Although writing’s something I’ve always wanted to do, I’m not one of those who will tell you they started writing when they were ten. I guess I was a late bloomer and only started writing novels in earnest in my early 50s. Well, I just turned 60 and I’m very proud that I now have four suspense novels floating around out there and am working on a fifth.

I self-published my first novel, Dear Dad, through Amazon.

Dear Dad ( ) – A Vietnam War soldier finds redemption 51kfkrjcwxl-_ac_us200_only after he makes a mystical trip back to 1862 Tennessee when he finds himself serving in a Union Army field hospital leading up to the Battle of Shiloh.

My other three books—Fava, Journey of an American Son and Aceldama—were published through the small independent publisher we share, Black Rose Writing.518uhz5f9gl-_ac_us200_

Fava ( ) – The biggest story of a New York City TV reporter’s career can make her famous, kill her, and/or bring about World War III.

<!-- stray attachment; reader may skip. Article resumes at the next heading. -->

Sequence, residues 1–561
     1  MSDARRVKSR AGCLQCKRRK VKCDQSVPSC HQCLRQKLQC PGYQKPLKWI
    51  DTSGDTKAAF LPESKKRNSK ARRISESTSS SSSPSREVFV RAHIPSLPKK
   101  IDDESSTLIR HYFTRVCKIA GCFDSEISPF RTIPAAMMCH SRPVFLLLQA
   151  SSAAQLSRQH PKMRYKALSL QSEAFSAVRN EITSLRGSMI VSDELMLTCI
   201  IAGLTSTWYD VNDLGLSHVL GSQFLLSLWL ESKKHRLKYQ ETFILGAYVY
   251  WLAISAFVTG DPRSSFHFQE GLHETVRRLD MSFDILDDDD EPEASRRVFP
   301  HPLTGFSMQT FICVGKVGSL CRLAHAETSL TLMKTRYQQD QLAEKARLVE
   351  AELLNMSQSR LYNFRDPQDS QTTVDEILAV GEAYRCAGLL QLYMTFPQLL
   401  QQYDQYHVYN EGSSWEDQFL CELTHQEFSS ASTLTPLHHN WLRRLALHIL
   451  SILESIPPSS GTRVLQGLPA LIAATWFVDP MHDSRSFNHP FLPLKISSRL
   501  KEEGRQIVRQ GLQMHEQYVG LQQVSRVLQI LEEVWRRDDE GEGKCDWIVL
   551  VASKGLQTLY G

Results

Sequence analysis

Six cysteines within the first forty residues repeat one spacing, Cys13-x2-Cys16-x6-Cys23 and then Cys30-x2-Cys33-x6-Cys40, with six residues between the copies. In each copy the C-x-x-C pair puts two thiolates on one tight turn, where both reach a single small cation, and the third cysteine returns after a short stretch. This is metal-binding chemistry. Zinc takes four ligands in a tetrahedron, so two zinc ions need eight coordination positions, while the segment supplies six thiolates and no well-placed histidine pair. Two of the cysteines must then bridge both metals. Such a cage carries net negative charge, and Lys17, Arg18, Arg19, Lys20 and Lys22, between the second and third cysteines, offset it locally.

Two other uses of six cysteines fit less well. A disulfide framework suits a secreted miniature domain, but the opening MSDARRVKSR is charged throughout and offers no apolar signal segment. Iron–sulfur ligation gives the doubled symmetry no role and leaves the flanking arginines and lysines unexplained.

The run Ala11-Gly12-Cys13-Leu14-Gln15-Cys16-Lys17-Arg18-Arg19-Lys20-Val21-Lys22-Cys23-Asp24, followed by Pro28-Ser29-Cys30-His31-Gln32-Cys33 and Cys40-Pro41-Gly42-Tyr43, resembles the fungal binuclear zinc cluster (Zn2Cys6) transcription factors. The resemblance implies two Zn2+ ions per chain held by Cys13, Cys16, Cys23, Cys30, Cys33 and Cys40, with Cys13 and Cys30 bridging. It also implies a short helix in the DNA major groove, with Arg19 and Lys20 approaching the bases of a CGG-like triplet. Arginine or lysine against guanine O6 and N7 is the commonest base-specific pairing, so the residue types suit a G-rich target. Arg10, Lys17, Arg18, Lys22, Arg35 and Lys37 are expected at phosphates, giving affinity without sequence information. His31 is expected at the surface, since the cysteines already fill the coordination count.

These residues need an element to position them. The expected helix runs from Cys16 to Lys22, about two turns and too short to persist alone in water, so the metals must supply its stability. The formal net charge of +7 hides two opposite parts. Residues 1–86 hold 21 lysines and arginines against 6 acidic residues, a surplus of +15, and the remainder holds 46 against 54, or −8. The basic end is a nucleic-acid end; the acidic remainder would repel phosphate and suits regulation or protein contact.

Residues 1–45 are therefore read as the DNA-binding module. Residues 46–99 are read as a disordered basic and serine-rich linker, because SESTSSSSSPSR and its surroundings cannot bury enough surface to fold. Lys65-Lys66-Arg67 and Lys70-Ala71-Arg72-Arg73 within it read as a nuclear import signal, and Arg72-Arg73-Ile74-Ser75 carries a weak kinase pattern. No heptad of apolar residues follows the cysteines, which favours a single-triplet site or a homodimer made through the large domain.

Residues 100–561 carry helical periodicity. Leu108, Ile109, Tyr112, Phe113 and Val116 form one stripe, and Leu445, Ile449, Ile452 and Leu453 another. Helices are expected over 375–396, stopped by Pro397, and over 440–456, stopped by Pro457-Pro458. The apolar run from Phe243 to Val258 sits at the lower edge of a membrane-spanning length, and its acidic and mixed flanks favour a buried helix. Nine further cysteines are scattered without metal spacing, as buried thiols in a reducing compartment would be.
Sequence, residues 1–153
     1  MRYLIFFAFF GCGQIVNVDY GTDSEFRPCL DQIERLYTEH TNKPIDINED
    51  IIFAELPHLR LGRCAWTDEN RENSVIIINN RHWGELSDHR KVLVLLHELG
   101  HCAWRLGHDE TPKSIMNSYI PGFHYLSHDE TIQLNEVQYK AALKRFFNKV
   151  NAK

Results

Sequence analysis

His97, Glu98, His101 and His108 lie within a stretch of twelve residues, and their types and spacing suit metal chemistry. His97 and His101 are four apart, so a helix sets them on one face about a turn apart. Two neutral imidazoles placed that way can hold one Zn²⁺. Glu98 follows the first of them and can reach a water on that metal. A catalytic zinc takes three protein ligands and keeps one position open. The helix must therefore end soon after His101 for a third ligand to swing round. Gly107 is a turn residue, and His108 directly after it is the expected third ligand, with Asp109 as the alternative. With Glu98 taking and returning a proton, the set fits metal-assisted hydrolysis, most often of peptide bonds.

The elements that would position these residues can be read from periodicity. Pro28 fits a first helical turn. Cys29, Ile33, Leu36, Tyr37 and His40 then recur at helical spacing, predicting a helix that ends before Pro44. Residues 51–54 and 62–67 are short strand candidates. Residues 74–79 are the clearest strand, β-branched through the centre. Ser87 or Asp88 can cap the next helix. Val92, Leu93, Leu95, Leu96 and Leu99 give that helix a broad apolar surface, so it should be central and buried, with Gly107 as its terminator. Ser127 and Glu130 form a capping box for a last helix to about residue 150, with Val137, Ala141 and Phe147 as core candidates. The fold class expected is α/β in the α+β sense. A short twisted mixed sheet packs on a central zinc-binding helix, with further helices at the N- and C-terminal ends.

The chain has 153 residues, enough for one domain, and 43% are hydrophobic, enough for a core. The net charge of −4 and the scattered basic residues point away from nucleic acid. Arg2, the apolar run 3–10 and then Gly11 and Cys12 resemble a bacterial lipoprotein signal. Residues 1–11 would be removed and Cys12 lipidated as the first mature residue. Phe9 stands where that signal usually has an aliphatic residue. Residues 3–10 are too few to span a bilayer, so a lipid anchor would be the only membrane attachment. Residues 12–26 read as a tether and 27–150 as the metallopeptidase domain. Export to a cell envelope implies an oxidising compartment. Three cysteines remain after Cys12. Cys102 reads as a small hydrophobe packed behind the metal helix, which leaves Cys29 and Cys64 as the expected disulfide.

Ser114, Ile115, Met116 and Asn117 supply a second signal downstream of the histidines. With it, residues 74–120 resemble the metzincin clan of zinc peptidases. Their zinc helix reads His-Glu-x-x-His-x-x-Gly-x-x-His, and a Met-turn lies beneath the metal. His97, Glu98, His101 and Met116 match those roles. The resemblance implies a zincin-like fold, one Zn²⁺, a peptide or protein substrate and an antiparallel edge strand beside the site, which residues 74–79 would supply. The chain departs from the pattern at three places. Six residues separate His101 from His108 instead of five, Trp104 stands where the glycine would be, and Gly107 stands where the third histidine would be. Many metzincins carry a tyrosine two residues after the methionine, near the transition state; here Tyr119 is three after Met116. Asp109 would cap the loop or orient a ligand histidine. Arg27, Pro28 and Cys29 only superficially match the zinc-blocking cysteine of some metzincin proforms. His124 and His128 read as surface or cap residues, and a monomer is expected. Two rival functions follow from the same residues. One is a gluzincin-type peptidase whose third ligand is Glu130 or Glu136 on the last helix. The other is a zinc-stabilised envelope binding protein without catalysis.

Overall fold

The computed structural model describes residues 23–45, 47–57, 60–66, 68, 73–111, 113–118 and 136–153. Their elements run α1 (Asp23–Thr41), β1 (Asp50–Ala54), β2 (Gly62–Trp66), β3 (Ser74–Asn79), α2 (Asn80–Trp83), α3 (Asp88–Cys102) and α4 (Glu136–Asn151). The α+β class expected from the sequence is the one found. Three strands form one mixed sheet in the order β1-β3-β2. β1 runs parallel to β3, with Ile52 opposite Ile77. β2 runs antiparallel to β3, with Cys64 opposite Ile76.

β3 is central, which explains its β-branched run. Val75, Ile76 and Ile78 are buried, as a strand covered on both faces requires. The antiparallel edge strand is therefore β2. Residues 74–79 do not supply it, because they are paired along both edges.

Journey of an American Son ( ) – A young man is framed for murder half way around the 51nhh-l0vol-_ac_us200_globe in 1920 and his wife must race to prove his innocence and free.

Aceldama ( ) – A young woman must battle logic and the Catholic Church to free her husband from the clutches of an ancient curse that is slowing sapping his life away.51r6lb7o-tl-_ac_us200_

What is something memorable you’ve heard from your readers/fans?

There are several comments that jump to mind as the most memorable I’ve received from my readers (It would be extremely presumptuous of me to say I have “fans.”). It’s always great to read: “couldn’t put it down” or “a must read.” However, if I had to pick one, the comment that absolutely stands out is one I received on my book, Dear Dad, which is about a Vietnam War soldier who gets seriously wounded and when he wakes up he finds himself in a Civil War field hospital where he finds redemption.  The comment was: “As a Vietnam Veteran, I particularly related to this story.”